The Good

  • The electronics are powered by 2 x AA batteries. Much easier to source than 9v when your battery conks out just before a gig
  • Excellent amplified sound
  • 10mm string spacing is very comfortable
  • Affordable

The Not so Good

  • The supplied gig bag is next to useless. Replace it
  • Sound not muted when using the tuner is on. Bit of a pain when playing live

The Bottom Line

You want an affordable quality acoustic electric guitar so let’s be honest, Yamaha don’t make bad guitars. It really excels when used amplified.

Click here to see the Yamaha APX 600 on Amazon


The Best Acoustic Electric Guitar under $500

1. Category Winner: Martin LX-1E Little Martin

While the 20 fret LX-1E is Martin’s smallest guitar, it’s a veritable monster on tone, quality and versatility. This is a little guitar with a big sound.

‘Parlor’ sized, it features a solid Sitka spruce top, X-brace bracing pattern, mahogany high-pressure laminate (HPL) back and sides, and a warm satin finish. It’s ideal for travel, playing around the house or campfire.

In fact, when designing this guitar, Martin obviously had traveling in mind. High pressure laminate is claimed by the company to be particularly effective for combatting temperature and humidity changes. If globetrotting is your thing, this can only be good although we were unable to verify this particular characteristic.

Neck material is rust birch laminate which is a dye impregnated wood veneer with excellent durability and strength and the fingerboard is Richlite – kind of a man-made ebony.

Despite its small size, the LX1E punches above its weight and packs impressive volume when played unamplified. It responds to being played hard. Plug it into an amp and the thing really sings. Bright and crisp but with a decent although understandably ‘restrained’ bottom end. Also nice for fingerpicking.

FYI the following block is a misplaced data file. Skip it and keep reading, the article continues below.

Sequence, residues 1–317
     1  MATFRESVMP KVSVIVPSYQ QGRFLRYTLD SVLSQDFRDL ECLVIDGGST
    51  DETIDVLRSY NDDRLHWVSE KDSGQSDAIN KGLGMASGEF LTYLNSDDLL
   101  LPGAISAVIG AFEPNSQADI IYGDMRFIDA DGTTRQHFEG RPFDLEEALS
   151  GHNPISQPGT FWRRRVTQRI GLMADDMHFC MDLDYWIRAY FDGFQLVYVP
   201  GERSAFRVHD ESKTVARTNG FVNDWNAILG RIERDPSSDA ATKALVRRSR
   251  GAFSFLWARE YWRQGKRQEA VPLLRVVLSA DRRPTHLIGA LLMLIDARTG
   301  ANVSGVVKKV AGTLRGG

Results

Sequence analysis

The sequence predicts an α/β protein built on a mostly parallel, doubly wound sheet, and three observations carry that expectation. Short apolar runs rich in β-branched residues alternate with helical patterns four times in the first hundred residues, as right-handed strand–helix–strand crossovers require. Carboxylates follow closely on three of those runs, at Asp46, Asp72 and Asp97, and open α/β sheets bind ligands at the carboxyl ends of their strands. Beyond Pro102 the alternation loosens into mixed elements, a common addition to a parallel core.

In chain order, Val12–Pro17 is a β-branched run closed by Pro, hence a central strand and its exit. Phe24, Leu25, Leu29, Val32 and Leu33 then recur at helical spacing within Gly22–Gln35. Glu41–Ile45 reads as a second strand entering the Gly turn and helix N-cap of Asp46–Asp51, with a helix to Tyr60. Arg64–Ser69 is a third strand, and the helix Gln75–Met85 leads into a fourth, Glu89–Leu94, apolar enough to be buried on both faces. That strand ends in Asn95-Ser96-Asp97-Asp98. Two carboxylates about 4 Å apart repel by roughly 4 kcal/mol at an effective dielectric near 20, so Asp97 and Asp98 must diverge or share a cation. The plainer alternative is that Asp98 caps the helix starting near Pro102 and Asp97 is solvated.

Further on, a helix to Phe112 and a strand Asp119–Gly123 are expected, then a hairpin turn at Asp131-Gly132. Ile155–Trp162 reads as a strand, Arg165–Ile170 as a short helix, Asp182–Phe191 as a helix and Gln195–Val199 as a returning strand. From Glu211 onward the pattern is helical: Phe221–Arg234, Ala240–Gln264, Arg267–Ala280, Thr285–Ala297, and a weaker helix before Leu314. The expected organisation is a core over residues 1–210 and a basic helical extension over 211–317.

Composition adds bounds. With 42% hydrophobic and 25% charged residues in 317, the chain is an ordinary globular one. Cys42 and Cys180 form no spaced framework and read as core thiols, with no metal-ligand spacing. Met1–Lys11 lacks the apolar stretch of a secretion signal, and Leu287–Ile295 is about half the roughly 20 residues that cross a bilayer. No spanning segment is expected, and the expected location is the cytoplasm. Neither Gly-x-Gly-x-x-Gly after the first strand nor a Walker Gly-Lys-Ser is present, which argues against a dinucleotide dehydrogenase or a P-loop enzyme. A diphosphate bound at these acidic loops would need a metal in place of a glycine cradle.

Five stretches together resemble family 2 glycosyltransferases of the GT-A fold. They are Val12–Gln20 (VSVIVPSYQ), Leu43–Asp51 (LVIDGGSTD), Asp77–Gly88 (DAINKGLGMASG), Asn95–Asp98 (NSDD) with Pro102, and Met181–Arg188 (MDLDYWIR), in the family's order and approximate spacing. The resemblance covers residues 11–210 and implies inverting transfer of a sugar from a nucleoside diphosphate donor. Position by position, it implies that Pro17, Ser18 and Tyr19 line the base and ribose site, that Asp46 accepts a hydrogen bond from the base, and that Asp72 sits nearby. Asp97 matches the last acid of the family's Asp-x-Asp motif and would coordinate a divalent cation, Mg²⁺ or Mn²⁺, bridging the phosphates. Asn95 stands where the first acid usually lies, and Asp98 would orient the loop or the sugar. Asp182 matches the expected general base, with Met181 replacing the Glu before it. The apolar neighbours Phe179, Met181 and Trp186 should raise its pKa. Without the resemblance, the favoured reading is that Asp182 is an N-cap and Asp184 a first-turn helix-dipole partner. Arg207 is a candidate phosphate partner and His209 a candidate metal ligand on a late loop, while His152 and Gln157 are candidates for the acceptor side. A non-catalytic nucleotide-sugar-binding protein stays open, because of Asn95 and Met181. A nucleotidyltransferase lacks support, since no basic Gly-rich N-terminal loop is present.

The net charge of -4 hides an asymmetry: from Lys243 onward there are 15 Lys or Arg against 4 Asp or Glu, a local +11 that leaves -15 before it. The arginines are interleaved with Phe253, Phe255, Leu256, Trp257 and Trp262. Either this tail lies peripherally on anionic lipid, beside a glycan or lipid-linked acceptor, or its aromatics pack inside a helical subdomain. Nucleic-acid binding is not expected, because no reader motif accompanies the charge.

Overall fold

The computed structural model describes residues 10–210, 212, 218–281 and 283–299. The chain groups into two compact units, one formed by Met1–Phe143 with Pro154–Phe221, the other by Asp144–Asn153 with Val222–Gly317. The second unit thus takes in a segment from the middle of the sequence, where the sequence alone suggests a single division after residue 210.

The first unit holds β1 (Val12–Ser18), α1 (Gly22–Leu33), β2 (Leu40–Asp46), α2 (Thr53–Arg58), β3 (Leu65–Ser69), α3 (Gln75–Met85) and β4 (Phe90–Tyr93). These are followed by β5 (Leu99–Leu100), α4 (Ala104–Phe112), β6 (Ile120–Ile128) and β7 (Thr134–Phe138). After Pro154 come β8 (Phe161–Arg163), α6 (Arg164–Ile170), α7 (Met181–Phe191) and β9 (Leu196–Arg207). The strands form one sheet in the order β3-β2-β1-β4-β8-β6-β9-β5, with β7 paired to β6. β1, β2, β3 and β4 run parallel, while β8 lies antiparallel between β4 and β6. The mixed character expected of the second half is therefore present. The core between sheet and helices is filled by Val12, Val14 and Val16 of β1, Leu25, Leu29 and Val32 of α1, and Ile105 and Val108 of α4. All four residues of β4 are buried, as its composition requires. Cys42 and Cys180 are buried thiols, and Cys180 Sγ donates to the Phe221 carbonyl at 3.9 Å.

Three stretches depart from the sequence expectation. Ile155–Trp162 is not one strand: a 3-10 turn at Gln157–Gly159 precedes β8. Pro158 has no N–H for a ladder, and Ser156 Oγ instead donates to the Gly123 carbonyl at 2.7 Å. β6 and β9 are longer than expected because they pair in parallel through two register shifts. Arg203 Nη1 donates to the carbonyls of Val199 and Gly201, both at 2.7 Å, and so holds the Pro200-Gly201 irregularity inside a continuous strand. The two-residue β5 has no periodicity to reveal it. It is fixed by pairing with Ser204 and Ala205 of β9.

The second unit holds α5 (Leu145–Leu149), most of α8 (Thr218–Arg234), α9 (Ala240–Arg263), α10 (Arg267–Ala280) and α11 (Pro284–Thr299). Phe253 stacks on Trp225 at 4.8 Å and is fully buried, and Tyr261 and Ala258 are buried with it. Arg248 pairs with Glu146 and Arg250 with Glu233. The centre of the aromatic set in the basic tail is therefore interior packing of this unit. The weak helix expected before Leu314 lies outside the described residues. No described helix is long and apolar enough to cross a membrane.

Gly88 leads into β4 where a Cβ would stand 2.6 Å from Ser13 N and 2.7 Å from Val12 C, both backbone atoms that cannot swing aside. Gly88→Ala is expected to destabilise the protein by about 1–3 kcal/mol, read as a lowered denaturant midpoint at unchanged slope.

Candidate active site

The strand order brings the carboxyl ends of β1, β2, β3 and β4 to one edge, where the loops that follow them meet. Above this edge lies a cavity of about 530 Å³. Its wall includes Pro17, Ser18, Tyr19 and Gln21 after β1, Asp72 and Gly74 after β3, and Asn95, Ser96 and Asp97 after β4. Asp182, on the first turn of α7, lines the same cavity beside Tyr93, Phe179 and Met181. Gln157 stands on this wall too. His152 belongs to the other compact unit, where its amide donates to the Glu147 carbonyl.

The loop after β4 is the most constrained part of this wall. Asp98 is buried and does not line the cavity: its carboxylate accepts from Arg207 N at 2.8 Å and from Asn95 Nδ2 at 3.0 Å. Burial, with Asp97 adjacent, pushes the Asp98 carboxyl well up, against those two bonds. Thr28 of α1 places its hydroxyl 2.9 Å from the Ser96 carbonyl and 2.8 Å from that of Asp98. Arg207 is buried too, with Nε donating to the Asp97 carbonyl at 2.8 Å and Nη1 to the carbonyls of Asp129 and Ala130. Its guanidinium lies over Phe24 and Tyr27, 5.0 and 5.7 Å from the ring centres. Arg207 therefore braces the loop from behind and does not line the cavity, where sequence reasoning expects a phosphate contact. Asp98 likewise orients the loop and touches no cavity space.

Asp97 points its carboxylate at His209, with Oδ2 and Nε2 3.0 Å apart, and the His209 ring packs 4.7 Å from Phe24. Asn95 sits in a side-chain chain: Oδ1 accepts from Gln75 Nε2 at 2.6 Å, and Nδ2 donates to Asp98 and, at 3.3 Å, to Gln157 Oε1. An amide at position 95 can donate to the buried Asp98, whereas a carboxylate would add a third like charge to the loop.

The LX-1E comes with very ‘musical’ electronics via courtesy of an Eq contour shaping control, volume control, phase control. A chromatic tuner is also provided for good measure. Power is via a 5v battery which seems to last forever.

The Good

  • Small enough for an aircraft cabin without getting arrested
  • The provided soft gig bag is nice
  • Stays in tune really well
  • Second to none as a travel guitar
  • Used by Ed Sheeran – which means you can check out how the guitar sounds for yourself

The Not so Good

  • The small size will put some people off. It does look like a toy (until you play it)
  • It’s a tad neck heavy which some players may find uncomfortable
  • Body end strap button is fiddly to put a strap on – it’s too wide

The Bottom Line

Martin has managed to condense all their guitar manufacturing expertise into a small package with a sound that defies its size. If you can live with the fact that this looks a bit like a toy then you won’t go wrong with the LX-1E.

Check out the latest pricing for the Martin LX-1E here 


2. Fender CD-140SCE

Like Ibanez, Fender is much better known for its electric guitars: Stratocaster, Telecaster, Jaguar, Jazz, Precision – they’re all household names and deservedly so.

But Fender’s acoustics are well-made and great value for money. The CD-140SCE is a case in point. This 25.3” scale length cutaway, dreadnought style guitar is aimed at intermediate players and features a solid spruce top, rosewood back and sides, mahogany neck and a rosewood fingerboard with rolled edges to protect those delicate digits.